CUNA has been very proactive in providing educational materials on identity theft for our members, as well as communicating our members concern to both the Federal Trade Commission (FTC) and the National Credit Union Administration (NCUA). These efforts include providing information on our website and through other means, which includes information that credit unions may share with their members who have experienced or are concerned about identity theft. CUNA has also recently met with the FTC to discuss means in which CUNA can promote the Deter, Detect, and Defend campaign that the FTC recently initiated, and we would certainly welcome additional opportunities to meet with the FTC, NCUA, as well as other government agencies in a coordinated effort to address the problem of identity theft. CUNA has also submitted a number of comment letters to the FTC and NCUA in response to the regulatory proposals that have been issued to address identity theft, as required under the FACT Act.
CUNA believes that one significant means in which to address the problem of identity theft is to focus on the underlying problem of data security vulnerabilities. These vulnerabilities have resulted in a rapidly growing number of security breaches that have occurred in recent years, which can often lead to identity theft. We urge the federal government to work more closely with card issuers, financial institutions and consumers to focus on the security breach problem. One way to accomplish this goal of bringing the principal stakeholders together would be for the federal government, under the auspices of the Task Force, to hold a summit and invite stakeholders to address concerns and offer recommendations to help safeguard financial data.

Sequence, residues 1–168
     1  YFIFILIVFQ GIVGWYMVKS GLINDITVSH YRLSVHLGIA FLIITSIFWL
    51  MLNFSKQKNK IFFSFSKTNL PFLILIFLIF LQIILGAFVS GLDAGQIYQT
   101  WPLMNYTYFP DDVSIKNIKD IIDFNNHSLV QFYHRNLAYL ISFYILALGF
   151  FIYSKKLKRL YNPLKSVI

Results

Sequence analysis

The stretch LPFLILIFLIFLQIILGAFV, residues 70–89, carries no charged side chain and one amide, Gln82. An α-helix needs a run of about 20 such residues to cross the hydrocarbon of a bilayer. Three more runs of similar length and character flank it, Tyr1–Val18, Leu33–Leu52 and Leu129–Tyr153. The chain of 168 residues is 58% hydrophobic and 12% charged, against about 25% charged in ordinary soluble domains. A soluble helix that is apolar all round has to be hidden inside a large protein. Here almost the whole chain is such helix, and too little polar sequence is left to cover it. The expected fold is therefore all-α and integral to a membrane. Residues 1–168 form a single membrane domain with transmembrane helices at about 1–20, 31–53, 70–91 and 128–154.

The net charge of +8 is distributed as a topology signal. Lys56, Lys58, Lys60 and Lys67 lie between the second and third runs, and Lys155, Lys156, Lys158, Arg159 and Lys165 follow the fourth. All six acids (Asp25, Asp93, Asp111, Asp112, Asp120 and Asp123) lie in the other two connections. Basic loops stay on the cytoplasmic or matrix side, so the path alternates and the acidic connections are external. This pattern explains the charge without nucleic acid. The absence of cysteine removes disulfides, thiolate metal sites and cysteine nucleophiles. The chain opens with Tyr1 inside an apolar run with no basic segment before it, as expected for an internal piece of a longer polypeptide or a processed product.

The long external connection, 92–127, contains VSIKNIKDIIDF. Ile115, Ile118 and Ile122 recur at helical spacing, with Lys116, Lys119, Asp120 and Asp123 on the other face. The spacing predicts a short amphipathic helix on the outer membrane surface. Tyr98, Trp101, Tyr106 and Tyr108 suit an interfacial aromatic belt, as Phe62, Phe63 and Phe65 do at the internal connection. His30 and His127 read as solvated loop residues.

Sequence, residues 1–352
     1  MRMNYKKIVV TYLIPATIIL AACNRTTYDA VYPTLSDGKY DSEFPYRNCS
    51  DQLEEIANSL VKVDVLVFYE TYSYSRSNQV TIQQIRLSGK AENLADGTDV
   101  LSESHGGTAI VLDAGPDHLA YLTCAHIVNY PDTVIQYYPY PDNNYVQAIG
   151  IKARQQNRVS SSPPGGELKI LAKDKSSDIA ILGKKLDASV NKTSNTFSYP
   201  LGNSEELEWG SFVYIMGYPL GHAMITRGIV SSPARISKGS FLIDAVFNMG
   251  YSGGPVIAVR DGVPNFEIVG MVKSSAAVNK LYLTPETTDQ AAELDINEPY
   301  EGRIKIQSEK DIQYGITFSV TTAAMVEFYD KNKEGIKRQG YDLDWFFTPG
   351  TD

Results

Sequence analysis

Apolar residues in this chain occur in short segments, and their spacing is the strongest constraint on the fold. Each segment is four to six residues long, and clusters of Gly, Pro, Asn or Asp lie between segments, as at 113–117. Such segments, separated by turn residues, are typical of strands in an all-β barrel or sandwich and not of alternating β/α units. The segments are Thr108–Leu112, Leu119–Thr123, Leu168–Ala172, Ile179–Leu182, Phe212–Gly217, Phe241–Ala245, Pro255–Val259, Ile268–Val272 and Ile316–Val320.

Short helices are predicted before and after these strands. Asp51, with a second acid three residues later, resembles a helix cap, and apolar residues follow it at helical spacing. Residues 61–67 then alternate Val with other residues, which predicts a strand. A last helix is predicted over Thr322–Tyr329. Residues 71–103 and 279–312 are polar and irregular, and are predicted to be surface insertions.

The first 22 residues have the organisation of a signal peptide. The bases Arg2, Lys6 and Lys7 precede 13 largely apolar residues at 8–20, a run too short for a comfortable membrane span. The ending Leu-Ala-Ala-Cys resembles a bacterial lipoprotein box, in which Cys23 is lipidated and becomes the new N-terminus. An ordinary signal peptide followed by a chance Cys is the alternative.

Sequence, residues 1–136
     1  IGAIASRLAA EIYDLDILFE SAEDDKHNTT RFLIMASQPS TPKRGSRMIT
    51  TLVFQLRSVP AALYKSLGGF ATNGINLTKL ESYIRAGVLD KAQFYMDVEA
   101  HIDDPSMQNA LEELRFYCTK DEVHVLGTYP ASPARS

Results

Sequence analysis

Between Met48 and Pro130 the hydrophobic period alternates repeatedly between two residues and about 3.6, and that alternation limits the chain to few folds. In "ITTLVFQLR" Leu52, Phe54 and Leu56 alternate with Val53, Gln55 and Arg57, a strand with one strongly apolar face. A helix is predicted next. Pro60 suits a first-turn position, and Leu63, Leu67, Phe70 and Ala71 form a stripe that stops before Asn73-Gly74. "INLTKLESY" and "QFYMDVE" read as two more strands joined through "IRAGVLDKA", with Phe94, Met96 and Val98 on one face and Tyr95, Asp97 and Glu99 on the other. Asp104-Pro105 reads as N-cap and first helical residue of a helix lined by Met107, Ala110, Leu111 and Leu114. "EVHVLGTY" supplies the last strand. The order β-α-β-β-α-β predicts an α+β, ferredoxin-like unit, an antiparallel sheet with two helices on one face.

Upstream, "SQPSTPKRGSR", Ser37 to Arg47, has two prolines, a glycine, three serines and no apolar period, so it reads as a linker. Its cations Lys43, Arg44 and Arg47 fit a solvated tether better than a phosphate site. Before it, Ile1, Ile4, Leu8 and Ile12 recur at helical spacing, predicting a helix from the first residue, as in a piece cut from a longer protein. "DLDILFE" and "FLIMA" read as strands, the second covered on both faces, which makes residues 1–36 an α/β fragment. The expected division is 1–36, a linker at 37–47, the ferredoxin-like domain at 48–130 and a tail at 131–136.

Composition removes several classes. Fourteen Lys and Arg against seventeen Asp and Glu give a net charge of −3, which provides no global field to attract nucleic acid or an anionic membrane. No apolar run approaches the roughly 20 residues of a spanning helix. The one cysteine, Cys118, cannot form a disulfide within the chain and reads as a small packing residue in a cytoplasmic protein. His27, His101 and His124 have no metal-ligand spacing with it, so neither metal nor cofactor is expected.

We recognize that Congress has been and will continue to review the issue of security breaches that compromise the confidentially of financial information of credit unions and their members. CUNA believes that any new legislation that addresses this issue should include the following provisions:
- Merchants or their agents, such as processors, must be prohibited from storing personal and financial information in connection with credit or debit card transactions;
- When a breach occurs involving a merchant, the company must provide useful and timely notice to financial institutions identifying the source and time of the breach, as well as the information that was compromised, which is necessary in order for financial institutions to provide the appropriate notification to those consumers who may suffer substantial harm or inconvenience as a result of the breach;